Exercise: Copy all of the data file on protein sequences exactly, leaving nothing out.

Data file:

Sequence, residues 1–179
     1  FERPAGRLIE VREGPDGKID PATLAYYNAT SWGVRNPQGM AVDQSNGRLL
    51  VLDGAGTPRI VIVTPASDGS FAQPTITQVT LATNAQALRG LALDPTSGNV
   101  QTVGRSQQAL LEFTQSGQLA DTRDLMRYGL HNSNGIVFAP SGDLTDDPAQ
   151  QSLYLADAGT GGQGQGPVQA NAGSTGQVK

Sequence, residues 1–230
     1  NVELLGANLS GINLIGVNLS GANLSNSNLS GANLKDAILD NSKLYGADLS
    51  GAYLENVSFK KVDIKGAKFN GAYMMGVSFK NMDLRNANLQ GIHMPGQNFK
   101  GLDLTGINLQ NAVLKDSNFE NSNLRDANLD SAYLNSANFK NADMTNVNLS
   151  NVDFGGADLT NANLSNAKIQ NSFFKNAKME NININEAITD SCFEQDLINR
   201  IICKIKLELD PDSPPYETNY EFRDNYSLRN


Sequence, residues 1–179
     1  FERPAGRLIE VREGPDGKID PATLAYYNAT SWGVRNPQGM AVDQSNGRLL
    51  VLDGAGTPRI VIVTPASDGS FAQPTITQVT LATNAQALRG LALDPTSGNV
   101  QTVGRSQQAL LEFTQSGQLA DTRDLMRYGL HNSNGIVFAP SGDLTDDPAQ
   151  QSLYLADAGT GGQGQGPVQA NAGSTGQVK

Sequence, residues 1–230
     1  NVELLGANLS GINLIGVNLS GANLSNSNLS GANLKDAILD NSKLYGADLS
    51  GAYLENVSFK KVDIKGAKFN GAYMMGVSFK NMDLRNANLQ GIHMPGQNFK
   101  GLDLTGINLQ NAVLKDSNFE NSNLRDANLD SAYLNSANFK NADMTNVNLS
   151  NVDFGGADLT NANLSNAKIQ NSFFKNAKME NININEAITD SCFEQDLINR
   201  IICKIKLELD PDSPPYETNY EFRDNYSLRN